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Study of 829M Attacks on 1,400 Websites

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Indusface’s research on 1,400+ Web apps, mobile apps, and APIs revealed that open vulnerabilities remain cybercriminals’ most significant attack vector.

According to the report, 829 million attacks were blocked on the AppTrana WAF in the fourth quarter of 2022, a 79% increase from the third quarter.

The alarming finding is that 61,713 open vulnerabilities were found, which is a 50% jump from the third quarter. The number of open vulnerabilities directly relates to the increased threat actors.

How can you protect them? The best option is to fix known vulnerabilities using virtual patching at the WAF level while blocking attacks.

Critical Vulnerabilities Found on Applications

While any vulnerability carries a risk to your business, here are the top 10 high/critical vulnerabilities that hackers attempted to exploit during the fourth quarter of 2022:

  • Server-side request forgery
  • HTML injection
  • Cross-site scripting (XSS)
  • TLS/SSL server certificate will expire soon
  • Script source code disclosure
  • SQL injection
  • SSL certificate common name mismatch
  • TLS/SSL server certificate expired
  • Untrusted TLS/SSL server certificate
  • Insecure Direct Object References

Prioritize addressing these vulnerabilities if you have not done so already.

Cost of Vulnerabilities

A single vulnerability can invite thousands of cybersecurity troubles. Poodle, Heartbleed, EternalBlue, and Shellshock are just a few of the vulnerabilities that open businesses to security threats.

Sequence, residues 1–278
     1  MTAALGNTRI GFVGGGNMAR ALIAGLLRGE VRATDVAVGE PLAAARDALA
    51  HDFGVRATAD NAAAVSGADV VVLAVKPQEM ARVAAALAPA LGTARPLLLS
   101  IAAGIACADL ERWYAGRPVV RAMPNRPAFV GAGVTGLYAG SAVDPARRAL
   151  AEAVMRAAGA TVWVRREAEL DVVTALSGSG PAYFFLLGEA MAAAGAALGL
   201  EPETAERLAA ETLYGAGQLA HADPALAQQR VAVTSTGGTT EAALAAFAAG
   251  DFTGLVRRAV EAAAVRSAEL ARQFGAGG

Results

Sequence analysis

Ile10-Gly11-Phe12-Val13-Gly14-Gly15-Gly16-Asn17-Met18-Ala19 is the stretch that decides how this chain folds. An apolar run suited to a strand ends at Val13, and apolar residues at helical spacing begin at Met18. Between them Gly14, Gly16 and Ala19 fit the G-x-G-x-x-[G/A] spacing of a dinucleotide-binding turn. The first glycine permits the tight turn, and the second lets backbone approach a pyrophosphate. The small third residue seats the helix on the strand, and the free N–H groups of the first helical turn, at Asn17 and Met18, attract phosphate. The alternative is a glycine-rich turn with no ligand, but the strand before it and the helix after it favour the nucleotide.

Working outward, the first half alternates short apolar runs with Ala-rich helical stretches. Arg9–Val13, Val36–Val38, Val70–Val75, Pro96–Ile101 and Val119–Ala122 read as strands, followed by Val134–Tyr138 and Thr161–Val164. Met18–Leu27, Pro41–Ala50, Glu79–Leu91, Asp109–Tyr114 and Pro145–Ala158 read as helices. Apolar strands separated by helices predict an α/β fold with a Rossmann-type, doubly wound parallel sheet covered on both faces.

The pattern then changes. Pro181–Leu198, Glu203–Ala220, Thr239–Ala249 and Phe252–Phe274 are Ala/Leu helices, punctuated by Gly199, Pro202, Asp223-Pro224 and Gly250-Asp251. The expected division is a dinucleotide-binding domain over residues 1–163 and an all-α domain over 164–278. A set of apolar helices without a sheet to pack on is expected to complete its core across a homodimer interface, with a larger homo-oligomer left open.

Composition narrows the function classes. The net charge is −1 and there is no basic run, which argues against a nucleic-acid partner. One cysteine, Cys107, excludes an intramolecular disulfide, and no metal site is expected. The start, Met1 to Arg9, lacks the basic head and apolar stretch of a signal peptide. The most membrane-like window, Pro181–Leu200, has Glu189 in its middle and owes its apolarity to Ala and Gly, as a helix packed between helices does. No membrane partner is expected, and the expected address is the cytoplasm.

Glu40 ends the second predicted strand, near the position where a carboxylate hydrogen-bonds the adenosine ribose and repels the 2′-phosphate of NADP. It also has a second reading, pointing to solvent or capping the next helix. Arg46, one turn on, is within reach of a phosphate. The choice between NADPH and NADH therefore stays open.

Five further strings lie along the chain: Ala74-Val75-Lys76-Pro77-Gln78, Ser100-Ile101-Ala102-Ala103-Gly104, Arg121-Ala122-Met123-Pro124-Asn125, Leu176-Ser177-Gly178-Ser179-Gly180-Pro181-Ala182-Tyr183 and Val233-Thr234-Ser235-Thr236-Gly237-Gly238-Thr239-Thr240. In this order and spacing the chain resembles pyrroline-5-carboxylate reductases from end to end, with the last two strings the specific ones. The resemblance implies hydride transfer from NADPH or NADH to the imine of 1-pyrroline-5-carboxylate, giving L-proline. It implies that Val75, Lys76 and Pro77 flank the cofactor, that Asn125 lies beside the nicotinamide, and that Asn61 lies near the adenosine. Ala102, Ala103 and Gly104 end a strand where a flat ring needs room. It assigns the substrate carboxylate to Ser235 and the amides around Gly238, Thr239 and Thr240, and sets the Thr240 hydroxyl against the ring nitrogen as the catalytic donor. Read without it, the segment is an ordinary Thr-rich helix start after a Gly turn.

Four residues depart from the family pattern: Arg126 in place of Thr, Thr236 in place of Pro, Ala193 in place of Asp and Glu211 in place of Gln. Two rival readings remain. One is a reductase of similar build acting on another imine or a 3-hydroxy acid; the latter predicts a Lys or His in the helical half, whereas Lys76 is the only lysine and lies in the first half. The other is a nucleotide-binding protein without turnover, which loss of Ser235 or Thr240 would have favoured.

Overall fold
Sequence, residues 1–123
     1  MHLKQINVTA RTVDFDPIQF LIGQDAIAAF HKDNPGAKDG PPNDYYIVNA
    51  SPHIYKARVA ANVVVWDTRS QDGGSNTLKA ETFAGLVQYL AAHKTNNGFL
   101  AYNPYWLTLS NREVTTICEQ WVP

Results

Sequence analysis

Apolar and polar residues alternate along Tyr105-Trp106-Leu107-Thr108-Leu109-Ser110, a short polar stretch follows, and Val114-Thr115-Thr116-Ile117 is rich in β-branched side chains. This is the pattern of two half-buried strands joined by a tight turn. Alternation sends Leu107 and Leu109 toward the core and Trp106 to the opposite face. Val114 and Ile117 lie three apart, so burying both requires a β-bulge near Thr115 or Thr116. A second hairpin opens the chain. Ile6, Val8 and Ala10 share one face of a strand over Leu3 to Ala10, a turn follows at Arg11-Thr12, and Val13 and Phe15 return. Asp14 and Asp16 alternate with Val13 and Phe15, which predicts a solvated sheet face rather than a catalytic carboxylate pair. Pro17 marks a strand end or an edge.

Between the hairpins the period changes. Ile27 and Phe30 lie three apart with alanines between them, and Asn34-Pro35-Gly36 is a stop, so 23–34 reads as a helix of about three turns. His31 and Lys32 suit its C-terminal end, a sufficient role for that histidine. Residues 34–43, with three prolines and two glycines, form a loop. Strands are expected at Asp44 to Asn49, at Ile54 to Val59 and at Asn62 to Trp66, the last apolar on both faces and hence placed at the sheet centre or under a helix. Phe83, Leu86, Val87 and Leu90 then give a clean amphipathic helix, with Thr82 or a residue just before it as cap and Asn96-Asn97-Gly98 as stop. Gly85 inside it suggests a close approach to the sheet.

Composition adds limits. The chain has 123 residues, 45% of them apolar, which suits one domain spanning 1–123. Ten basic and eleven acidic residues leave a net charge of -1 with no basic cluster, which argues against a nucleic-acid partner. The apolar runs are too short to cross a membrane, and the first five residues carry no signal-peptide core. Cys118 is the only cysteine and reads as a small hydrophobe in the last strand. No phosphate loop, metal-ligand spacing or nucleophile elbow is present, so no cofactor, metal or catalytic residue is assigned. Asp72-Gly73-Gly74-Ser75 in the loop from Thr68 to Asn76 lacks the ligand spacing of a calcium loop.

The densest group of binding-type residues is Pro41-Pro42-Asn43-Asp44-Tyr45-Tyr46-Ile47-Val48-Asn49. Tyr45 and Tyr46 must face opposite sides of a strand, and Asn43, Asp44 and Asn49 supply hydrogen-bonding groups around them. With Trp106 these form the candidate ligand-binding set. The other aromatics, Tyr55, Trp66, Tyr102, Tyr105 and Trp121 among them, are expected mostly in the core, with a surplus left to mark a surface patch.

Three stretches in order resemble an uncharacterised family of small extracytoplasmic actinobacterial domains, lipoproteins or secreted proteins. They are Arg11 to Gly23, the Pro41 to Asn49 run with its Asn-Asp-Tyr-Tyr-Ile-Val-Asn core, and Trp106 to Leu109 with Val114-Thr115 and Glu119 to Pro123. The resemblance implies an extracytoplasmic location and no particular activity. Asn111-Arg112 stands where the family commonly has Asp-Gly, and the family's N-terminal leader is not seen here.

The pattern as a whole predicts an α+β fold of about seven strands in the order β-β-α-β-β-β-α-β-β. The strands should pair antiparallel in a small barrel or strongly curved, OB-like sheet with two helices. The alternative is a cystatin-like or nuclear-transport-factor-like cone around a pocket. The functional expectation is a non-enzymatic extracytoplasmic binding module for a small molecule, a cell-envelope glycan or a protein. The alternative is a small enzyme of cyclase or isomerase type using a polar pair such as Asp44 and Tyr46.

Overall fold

The report found 31% of vulnerabilities have been open for 180+ days. And 1,700+ of these are rated as critical and high vulnerabilities.

So, what happens if you don’t patch the vulnerabilities? A failure to maintain this responsibility could have severe effects, including potential security breaches.

Back in 2017, the massive Equifax security breach made headlines. Hackers exploited the known vulnerability CVE-2017-5638 in their app framework and gained access to the company’s system.

This breach exposed the personally identifiable information (PII) of 147 million people. Two years after the breach, the company said it spent $1.4 billion on cleanup costs and revamping its security program. Equifax agreed to pay up to $700 million to settle claims related to the breach.

The breach’s total cost is likely higher than the reported settlements and expenses. It also includes intangible costs such as loss of trust, brand reputation, and long-term impact on the business.

Managing Vulnerabilities With Virtual Patching

Security patches play a vital role in dealing with vulnerabilities. They patch up the security gaps and resolve the risks. After all, successful exploitation means an insecure configuration or missing security control.

The patching process can, at times, be challenging. Many companies turn to virtual patching to protect their apps on the Web application firewall (WAF) when a system can’t be patched immediately.